The Mason Pearson brush

I am not usually the sort to trumpet things as life changing. I do try my damnedest to be normal. Don’t get me wrong, I would easily classify my ‘puter as a close friend – since receiving a MacBook Air for Christmas from Mr. Goddess, I seem to lose days now developing my love (with technology) – but as relationships go, my MacBook Air would still be about number four on my list of things to save in a house fire or flood (presuming all adults could make it out safely). First I’d chase my cat about and get her out quickly, then I’d rescue my diaries and notebooks, then my Mason Pearson hair brush and then my laptop. That’s the order I’m sure of it. Old school things before my technology. I know, I know, putting a mere bunch of bristles and plastic before something Apple made… I feel guilty just typing it, but since my Mason Pearson hair brush came into my life seven years ago and its quality has changed little in all this time, I think it deserves the spot on my list. Plus I’m sure you can guess from my photos that I love things that look beautiful and a bit worn.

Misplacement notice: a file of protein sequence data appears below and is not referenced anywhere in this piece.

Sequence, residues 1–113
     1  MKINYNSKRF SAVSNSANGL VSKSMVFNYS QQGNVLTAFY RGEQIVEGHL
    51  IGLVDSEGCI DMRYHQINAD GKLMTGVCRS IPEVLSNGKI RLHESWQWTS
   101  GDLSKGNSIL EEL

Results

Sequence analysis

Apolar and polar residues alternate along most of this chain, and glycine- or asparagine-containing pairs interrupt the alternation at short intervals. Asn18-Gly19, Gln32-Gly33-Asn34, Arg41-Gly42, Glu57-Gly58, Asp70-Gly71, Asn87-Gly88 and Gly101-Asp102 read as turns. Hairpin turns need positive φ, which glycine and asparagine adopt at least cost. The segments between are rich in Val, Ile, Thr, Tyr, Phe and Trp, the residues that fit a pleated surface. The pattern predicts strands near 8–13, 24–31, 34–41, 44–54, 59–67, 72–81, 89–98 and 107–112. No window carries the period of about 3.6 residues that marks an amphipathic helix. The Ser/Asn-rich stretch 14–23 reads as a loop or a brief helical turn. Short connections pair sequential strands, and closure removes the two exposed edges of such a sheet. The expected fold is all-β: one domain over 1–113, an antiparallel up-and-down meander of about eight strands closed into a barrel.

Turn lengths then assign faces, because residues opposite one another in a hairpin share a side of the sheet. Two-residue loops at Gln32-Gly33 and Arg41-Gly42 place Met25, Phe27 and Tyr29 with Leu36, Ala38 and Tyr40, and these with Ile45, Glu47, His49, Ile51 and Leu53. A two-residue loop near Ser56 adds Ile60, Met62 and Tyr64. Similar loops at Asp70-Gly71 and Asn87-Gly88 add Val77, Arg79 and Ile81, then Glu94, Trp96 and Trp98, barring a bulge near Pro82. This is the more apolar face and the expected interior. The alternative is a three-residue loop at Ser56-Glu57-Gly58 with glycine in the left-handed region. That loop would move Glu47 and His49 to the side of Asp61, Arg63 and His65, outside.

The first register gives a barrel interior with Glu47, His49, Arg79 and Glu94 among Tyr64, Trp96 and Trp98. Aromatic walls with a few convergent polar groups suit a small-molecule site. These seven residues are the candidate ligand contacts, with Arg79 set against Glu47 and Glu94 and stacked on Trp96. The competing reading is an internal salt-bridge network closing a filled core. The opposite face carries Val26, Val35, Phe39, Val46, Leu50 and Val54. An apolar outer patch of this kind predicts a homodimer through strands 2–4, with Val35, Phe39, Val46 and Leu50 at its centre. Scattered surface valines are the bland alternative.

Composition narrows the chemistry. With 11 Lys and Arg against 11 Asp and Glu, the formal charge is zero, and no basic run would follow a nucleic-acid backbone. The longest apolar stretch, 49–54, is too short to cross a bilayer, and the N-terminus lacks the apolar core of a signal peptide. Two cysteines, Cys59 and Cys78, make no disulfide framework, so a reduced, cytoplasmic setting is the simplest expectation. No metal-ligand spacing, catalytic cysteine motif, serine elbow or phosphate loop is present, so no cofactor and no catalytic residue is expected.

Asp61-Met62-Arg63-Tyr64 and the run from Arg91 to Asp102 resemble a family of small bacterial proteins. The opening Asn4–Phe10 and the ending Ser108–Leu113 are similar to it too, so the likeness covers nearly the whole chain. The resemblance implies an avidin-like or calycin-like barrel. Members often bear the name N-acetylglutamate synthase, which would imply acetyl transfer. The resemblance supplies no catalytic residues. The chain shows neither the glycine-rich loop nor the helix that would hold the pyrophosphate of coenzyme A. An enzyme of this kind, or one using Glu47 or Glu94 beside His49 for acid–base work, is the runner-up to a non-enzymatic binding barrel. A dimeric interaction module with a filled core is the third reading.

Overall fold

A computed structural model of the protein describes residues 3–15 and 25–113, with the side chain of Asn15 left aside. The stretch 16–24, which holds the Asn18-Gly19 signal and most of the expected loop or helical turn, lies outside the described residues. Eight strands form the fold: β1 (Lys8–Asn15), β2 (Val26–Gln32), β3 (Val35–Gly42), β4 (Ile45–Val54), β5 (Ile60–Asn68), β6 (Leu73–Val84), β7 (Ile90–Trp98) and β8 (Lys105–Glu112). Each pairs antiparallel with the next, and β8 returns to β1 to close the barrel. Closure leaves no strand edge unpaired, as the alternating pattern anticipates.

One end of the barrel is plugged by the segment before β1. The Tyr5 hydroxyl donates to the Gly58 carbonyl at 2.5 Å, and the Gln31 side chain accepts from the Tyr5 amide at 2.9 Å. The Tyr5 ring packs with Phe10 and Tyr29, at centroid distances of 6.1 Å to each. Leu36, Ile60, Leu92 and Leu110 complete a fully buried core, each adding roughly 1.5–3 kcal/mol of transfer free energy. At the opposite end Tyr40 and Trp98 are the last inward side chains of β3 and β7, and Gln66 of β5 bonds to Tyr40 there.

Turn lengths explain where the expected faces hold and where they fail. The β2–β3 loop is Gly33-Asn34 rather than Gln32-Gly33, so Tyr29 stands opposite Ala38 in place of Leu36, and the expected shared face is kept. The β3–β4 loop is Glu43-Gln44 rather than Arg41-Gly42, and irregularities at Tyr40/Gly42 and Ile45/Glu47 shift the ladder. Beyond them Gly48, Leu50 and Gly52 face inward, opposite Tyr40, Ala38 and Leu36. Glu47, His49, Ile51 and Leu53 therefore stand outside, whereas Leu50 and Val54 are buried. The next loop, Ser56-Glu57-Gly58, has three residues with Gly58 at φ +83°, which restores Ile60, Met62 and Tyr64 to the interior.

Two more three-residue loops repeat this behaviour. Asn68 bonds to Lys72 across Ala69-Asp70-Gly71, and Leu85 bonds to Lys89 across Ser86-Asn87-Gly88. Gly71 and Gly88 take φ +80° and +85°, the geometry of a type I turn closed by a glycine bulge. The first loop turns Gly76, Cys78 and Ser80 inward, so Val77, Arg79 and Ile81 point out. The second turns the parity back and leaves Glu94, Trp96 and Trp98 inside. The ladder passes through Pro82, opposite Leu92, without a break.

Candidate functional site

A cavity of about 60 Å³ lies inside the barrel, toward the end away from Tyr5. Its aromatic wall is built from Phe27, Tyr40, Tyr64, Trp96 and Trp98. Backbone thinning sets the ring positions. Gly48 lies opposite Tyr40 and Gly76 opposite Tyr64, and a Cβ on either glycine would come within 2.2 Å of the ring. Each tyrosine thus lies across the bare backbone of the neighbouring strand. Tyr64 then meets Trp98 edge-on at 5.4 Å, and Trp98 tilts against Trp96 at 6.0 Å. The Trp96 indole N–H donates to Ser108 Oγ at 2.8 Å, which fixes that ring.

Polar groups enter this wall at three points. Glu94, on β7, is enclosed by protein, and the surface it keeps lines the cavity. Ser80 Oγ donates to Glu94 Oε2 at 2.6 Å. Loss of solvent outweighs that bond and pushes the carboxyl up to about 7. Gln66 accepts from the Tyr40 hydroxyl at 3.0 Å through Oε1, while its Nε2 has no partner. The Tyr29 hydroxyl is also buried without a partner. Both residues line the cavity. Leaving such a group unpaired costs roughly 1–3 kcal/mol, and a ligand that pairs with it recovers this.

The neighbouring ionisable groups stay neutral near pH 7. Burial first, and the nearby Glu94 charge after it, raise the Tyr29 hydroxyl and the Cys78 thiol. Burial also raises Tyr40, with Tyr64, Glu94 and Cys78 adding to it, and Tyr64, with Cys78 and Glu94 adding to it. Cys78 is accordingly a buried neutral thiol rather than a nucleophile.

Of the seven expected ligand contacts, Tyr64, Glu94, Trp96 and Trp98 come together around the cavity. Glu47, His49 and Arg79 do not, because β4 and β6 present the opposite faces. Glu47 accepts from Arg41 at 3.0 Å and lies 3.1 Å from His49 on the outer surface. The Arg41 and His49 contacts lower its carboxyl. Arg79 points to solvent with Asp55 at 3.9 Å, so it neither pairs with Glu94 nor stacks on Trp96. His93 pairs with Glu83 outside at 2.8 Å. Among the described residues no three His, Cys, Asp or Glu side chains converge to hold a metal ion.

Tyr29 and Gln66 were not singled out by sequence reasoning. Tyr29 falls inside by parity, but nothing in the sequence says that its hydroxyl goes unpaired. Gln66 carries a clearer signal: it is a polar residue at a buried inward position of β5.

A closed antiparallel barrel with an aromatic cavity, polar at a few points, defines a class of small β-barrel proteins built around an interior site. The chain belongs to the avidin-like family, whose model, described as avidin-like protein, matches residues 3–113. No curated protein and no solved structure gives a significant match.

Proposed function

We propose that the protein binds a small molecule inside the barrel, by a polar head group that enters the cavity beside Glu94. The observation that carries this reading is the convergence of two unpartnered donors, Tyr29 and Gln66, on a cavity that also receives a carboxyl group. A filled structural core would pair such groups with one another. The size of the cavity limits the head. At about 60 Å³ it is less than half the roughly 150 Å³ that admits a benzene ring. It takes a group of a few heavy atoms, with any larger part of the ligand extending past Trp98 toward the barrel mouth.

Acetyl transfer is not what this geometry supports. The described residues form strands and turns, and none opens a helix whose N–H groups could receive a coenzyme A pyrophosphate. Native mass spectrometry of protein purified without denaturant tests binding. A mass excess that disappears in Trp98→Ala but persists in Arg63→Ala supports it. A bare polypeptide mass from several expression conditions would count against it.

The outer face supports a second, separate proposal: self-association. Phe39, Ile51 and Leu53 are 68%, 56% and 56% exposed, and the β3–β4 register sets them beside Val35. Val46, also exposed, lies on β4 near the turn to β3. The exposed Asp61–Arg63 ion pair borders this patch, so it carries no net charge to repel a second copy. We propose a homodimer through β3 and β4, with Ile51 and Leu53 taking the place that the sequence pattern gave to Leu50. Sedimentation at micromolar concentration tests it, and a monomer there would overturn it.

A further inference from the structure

So how could I not love my Mason Pearson hair brush? My hair grows so fast, tangles up when I sleep and generally a swift run through with this little paddle-shaped piece of plastic with its orange rubber pneumatic pad studded with Indian boar bristles and nylon bristles saves me from looking a bit crazy. Yes, basically if the model I own didn’t have the word “Popular” blazoned across it by Mason Pearson I know that I’d come terrifyingly close to becoming one of those girls who names her things (it usually starts with the car). I’m not a creature of habit except to choose where I write or have tea daily but this hair brush I believe has earned its name and place in my heart because it is indeed very popular in my routine. I like good vibes and special touches to my day and twice a day this brush provides them.